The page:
Apple has a tendency to reject a lot of apps that try to use new features on the iPhone in unexpected ways. The latest example of this tendency reared its ugly head this week, with the rejection of Gravity.
Built by three friends, Chase McBride, Brice Tuttle, and Ryan McLeod, Gravity offers a convenient way to measure weight on the iPhone. It uses Apple’s new 3D Touch functionality, using a metal spoon as the conductive unit between the iPhone and whatever is inside the spoon.
Gravity appears to be very accurate for an app under a month old, measuring a 100g weight at 98.2g on the scale. That didn’t stop Apple from rejecting the app earlier this month however, stating that the title is misleading.
It didn’t offer any more information, leaving the three developers confused as to the actual reason for the rejection. McLeod created a video (seen above) for the reviewer describing the app’s functionality, in order to appeal the decision. But a few days later McLeod received another rejection.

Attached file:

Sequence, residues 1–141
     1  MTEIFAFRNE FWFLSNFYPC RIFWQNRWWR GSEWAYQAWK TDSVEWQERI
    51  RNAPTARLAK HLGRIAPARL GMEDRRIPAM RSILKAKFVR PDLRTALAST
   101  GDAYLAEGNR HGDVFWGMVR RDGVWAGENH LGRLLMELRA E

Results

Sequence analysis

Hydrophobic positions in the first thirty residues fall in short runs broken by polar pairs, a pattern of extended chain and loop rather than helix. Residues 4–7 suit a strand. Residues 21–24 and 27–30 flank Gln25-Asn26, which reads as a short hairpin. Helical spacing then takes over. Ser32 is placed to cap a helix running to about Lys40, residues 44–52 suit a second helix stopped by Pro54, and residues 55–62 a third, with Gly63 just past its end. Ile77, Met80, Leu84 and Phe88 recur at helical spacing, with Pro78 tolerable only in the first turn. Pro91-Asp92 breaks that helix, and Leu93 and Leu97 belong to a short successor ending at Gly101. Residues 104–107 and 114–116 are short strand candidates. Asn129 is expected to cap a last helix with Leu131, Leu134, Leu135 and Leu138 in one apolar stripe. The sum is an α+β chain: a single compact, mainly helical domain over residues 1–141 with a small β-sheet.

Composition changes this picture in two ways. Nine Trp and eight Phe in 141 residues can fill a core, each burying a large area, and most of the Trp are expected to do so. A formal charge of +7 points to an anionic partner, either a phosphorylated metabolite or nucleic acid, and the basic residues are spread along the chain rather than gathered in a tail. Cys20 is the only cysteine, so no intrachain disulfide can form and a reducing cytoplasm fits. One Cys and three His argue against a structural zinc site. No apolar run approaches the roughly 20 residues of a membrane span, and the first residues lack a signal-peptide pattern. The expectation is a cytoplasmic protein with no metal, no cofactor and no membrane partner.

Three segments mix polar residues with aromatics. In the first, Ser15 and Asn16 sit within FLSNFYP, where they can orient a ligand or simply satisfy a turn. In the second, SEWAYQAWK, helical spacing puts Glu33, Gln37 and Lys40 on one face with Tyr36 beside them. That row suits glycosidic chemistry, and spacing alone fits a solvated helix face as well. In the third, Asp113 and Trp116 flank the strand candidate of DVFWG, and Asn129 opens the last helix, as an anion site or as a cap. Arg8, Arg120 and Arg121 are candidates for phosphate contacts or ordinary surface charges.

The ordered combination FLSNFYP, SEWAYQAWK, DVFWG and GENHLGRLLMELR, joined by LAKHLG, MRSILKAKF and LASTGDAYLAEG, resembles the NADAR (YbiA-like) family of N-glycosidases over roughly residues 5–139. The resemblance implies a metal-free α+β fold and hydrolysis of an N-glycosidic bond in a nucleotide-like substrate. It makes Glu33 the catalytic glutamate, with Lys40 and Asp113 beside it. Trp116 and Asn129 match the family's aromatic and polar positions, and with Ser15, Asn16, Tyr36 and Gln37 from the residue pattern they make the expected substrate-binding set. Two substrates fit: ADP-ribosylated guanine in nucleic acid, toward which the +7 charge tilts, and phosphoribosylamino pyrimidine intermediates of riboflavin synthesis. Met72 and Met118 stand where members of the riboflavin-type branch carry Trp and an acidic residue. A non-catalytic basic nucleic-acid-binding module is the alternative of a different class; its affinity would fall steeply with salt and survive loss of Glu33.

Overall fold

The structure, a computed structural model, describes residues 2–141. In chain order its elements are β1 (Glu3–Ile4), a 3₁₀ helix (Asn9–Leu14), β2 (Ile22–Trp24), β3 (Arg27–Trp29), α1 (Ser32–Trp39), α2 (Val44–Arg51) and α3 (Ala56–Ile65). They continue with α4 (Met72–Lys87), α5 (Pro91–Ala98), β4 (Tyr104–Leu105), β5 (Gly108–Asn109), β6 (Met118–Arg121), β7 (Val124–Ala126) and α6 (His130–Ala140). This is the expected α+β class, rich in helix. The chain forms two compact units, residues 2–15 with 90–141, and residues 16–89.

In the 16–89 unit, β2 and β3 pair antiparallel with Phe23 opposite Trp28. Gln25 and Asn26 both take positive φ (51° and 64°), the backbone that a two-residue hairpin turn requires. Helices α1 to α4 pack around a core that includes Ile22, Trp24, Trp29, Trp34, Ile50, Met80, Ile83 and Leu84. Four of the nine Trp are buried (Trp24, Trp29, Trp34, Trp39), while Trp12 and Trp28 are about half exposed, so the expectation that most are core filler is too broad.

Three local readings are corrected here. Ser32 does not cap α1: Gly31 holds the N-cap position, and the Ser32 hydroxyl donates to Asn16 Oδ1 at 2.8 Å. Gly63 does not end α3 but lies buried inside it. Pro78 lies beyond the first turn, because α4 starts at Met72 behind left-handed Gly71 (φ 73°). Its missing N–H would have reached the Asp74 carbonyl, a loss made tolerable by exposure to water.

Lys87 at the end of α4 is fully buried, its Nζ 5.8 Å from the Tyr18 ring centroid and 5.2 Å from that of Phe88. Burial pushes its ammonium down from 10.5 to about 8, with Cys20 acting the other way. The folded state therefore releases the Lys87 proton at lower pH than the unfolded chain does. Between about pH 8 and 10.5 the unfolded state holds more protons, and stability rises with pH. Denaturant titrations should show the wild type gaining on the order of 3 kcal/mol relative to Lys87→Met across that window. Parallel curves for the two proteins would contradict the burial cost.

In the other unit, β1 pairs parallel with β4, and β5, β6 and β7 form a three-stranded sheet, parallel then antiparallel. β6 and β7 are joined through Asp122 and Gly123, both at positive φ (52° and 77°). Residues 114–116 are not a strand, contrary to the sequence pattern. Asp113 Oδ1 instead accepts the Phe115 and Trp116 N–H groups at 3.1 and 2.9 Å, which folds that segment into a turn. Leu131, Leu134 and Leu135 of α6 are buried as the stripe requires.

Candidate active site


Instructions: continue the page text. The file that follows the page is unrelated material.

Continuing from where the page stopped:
Apple’s final message to the group said a scale app isn’t appropriate for the App Store. McLeod wrote a Medium article questioning the decision, bringing up some potential reasons for the ban, like drug use and screen damage, and counterarguing against all of these theoretical reasons.
Scale apps have managed to get onto the iOS App Store in the past, but most are in the entertainment section. Others use unconventional methods for measuring weight that are not anywhere near as accurate as Gravity — making it even more puzzling why Apple would block the app.
McLeod ended his post by saying that he hopes to see Apple open up the App Store to more inventive apps using 3D Touch in the future. He is also working on Blackbox, an “oppressive iOS puzzle” app, which he will return to until Apple (hopefully) changes its mind on scale apps.